Tuesday, 16 September 2014

What is the definition of entropy?

Having recently blogged on the subject:


I feel that it would be helpful for readers to have a clearer definition of entropy.

Luckily, one already exists, in Three Men in a Boat by Jerome K Jerome:

I do not wish to be insulting, but I firmly believe that if you took an average tow-line, and stretched it out straight across the middle of a field, and then turned your back on it for thirty seconds, that, when you looked round again, you would find that it had got itself altogether in a heap in the middle of the field, and had twisted itself up, and tied itself into knots, and lost its two ends, and become all loops; and it would take you a good half-hour, sitting down there on the grass and swearing all the while, to disentangle it again.
That is my opinion of tow-lines in general.  Of course, there may be honourable exceptions; I do not say that there are not.  There may be tow-lines that are a credit to their profession—conscientious, respectable tow-lines—tow-lines that do not imagine they are crochet-work, and try to knit themselves up into antimacassars the instant they are left to themselves.  I say there may be such tow-lines; I sincerely hope there are.  But I have not met with them.
This tow-line I had taken in myself just before we had got to the lock.  I would not let Harris touch it, because he is careless.  I had looped it round slowly and cautiously, and tied it up in the middle, and folded it in two, and laid it down gently at the bottom of the boat.  Harris had lifted it up scientifically, and had put it into George’s hand.  George had taken it firmly, and held it away from him, and had begun to unravel it as if he were taking the swaddling clothes off a new-born infant; and, before he had unwound a dozen yards, the thing was more like a badly-made door-mat than anything else.
A modern equivalent can be observed with the wires attached to those little earphone things that you use for listening to audio devices such as small radios, mobile phones, iPods and the like.


  1. I'm attached to the statistical mechanics definition having to do with the logarithm of the number of microstates corresponding to a given macrostate. But it's far too late to be able to get people to restrict themselves to that usage.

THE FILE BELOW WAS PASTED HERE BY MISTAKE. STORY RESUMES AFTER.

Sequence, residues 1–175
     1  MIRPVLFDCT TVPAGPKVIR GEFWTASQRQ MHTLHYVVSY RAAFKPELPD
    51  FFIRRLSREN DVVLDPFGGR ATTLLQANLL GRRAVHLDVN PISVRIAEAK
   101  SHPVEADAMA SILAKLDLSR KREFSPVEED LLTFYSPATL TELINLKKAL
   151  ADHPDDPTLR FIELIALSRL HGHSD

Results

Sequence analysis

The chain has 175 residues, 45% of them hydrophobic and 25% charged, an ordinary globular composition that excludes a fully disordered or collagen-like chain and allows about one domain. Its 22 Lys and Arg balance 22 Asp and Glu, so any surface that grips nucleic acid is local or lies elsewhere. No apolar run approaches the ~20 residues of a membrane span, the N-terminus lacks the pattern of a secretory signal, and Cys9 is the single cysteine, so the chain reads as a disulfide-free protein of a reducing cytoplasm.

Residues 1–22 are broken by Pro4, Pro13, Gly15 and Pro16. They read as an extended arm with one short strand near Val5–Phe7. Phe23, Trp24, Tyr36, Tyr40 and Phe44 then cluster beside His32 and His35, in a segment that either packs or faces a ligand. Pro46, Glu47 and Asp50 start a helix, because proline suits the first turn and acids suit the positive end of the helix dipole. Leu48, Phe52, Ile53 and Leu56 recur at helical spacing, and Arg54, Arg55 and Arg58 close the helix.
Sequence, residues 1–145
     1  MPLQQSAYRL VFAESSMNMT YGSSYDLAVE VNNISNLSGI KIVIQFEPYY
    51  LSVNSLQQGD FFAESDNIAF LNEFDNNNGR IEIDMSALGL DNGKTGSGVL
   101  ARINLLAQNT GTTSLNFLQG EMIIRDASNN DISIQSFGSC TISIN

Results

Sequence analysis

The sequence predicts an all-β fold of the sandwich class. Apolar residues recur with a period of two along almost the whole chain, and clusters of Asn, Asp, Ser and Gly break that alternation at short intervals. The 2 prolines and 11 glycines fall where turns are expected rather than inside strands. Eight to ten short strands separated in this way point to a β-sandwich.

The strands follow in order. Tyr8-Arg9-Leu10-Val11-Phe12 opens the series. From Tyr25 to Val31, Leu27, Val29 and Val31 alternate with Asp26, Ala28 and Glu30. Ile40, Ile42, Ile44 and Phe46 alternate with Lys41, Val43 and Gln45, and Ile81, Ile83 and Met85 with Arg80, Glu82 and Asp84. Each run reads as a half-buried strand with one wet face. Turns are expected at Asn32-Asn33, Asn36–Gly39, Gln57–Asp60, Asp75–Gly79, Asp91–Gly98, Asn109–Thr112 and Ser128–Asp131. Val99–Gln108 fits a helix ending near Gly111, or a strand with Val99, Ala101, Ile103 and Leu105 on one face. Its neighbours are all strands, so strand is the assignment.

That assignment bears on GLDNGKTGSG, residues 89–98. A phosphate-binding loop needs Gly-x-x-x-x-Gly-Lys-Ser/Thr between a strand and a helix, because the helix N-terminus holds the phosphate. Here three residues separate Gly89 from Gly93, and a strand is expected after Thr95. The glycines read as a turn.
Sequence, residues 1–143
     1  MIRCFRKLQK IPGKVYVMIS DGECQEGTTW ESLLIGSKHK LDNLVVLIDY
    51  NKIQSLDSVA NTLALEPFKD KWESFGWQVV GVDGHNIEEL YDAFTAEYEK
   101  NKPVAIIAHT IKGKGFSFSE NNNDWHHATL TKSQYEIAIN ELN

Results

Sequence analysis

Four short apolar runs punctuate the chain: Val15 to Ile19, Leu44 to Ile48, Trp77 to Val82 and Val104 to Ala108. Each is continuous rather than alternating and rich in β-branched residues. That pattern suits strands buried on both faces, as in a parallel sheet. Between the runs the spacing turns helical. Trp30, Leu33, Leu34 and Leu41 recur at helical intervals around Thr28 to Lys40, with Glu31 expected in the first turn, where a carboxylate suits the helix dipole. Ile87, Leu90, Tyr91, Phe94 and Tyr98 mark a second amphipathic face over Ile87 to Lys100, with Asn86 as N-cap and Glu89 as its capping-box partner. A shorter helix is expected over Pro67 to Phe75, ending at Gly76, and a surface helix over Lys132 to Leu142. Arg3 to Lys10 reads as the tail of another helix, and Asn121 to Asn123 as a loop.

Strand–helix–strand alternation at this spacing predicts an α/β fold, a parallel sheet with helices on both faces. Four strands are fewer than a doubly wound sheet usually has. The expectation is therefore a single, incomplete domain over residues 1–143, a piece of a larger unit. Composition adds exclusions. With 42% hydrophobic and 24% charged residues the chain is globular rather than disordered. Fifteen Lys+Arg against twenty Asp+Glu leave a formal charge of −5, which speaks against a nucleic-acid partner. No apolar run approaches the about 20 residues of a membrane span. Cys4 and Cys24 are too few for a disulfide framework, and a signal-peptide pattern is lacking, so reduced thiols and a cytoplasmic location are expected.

2. @Bonald - Ah, I see you prefer the PG Wodehousian definition...

  3. @Bonald - You might be interested by a paper in Journal of Irreproducible Results from about 1991 - the title more or less tells you its approach:

    "An Estimation of Time Remaining Until the Heat Death of the Universe: A Messy Desk as a Model for Entropy"

    Quantitative observations of how quickly a desk gets itself messy were extrapolated to calculate the time left before the end of all things.

  4. Although your example is humorous I've come to the conclusion that the tendency for things to become tangled is some sort of basic mechanism at work in nature. If something can get tangled, it will, and I'm not joking!

  5. I have been meaning for some time to set up a video camera to record a box of unattended network cables over a period of several months. But perhaps entanglement is affected by the presence of an observer.

  6. @Crosbie - "perhaps entanglement is affected by the presence of an observer"

    Jerome K Jerome wrote about the effect of an observer too. From TMiaB:

    We put the kettle on to boil, up in the nose of the boat, and went down to the stern and pretended to take no notice of it, but set to work to get the other things out.

    That is the only way to get a kettle to boil up the river. If it sees that you are waiting for it and are anxious, it will never even sing. You have to go away and begin your meal, as if you were not going to have any tea at all. You must not even look round at it. Then you will soon hear it sputtering away, mad to be made into tea.

    It is a good plan, too, if you are in a great hurry, to talk very loudly to each other about how you don’t need any tea, and are not going to have any. You get near the kettle, so that it can overhear you, and then you shout out, “I don’t want any tea; do you, George?” to which George shouts back, “Oh, no, I don’t like tea; we’ll have lemonade instead—tea’s so indigestible.” Upon which the kettle boils over, and puts the stove out.

    We adopted this harmless bit of trickery, and the result was that, by the time everything else was ready, the tea was waiting.